often the cost of getting services such as sewerage, power, roads,
and curbing is added to the cost of the land on which the house is to
Of course housing was then much more affordable.
- Several bathrooms;
- Several toilets (WCs, latrines);
- At least three bedrooms;
- A dining room separate from the kitchen;
- A lounge room;
- Probably a general purpose room; it might be called a rumpus room or a
- Electricity available at all times;
- A pressurised, piped mains water supply;
- A laundry;
- Hot water whenever required, just by opening a tap.
Hot and cold water are expected to be available in the kitchen, laundry, and
all bathrooms; cold water in all toilets and outside in the garden;
- Connection to a sewerage system;
- Access to a road that is passable in all weather;
- Heating and cooling of either all or part of the house whenever
- Probably a small garden;
- A rubbish disposal service;
- Television, Internet, Hi-Fi sound system, etcetera.
When I was young it was very unusual for a house to have two toilets;
except in the case when there was an old outside toilet that had largely
been replaced by a newer inside toilet.
Now, in rural areas, many people do not have all the above features in their
homes; it is common for people in rural areas to have to arrange
their own water supply and their own sewage disposal; a few do not have
While the average house is bigger than it was fifty years ago, it is on a
block of land that is much smaller. It is not unusual now for a
house to occupy by far the greatest part of the land on which it is
situated. Fifty years ago it was common for the block of land held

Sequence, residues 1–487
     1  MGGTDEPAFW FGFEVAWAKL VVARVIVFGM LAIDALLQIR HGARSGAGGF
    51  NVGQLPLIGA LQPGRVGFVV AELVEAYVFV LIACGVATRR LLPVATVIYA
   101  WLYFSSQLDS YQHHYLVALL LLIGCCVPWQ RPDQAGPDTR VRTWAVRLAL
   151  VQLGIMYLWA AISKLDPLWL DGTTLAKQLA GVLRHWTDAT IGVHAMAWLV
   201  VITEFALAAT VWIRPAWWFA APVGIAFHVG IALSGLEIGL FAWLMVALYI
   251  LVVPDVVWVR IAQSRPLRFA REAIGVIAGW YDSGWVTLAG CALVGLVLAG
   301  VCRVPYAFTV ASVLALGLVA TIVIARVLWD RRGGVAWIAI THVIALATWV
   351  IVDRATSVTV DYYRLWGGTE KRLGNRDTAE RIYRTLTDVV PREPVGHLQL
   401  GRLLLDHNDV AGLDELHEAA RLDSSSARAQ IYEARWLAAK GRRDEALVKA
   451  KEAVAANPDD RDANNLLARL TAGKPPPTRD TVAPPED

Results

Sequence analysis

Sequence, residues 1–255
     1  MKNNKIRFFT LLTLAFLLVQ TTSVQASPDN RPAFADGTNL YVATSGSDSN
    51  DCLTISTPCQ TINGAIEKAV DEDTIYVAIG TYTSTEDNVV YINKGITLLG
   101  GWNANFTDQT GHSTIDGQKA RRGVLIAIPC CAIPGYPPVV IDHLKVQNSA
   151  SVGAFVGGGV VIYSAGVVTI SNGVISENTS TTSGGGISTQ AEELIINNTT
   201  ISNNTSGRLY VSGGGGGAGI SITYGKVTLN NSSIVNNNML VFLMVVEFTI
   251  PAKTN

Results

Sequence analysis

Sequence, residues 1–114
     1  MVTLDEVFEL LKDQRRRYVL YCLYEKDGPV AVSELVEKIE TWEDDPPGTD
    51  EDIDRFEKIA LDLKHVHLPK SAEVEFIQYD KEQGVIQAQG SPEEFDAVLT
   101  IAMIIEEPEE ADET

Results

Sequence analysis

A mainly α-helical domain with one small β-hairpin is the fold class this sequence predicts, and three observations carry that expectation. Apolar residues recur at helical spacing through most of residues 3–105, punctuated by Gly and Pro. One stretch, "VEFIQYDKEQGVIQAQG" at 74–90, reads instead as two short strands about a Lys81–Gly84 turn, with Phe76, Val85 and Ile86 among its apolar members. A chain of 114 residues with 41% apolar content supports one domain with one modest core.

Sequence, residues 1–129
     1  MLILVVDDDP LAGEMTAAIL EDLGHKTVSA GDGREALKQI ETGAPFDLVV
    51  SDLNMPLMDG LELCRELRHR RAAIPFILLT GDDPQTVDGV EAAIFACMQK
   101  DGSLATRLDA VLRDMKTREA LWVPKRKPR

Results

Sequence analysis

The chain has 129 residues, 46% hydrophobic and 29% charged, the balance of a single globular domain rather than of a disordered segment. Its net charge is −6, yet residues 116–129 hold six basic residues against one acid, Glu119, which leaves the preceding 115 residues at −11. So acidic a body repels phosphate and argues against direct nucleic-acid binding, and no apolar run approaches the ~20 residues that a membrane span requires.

by a typical home owner to be around 1000 square metres, now 300 to 400
square metres are usual for new homes.
This, of course, means that the space available for a garden is greatly
reduced, with a consequent great reduction in the potential for
In early 21st century Australia the average number of people living in each
house is between one and two. Fifty or so years ago it was about four.
So our houses are much bigger than they were, much bigger than we need
most of the time (it is useful to have those extra bedrooms when we have
visitors), but fewer people live in each one, so the cost of housing per
person is much higher.
Given all of the above, you might think that the main reason modern houses
are so expensive is because of the size of the houses and all the features
that they contain. This is only a part of the reason. The cost of the
little bit of land that the houses are built on is also very important.
While land in farming areas might sell for $3000 to $10 000 per
hectare, in the suburbs of a major Australian city you could expect to pay
$2 500 000 per hectare (say $100 000 for a 0.04ha block),
quite probably more.
This was probably used by a shepherd in the nineteenth century.
Very small, but big enough for the purpose.
Rural South Australia
Why should land in the suburbs cost 500 times as much,
per hectare, as rural land? I can only suppose that there are two reasons:
first is the cost of the necessary infrastructure in the suburbs, the
closely spaced streets, the sewerage, the electrical supply,
the water supply, the park lands, etc. The second, and major,
reason would be that this is the price because this is what the sellers can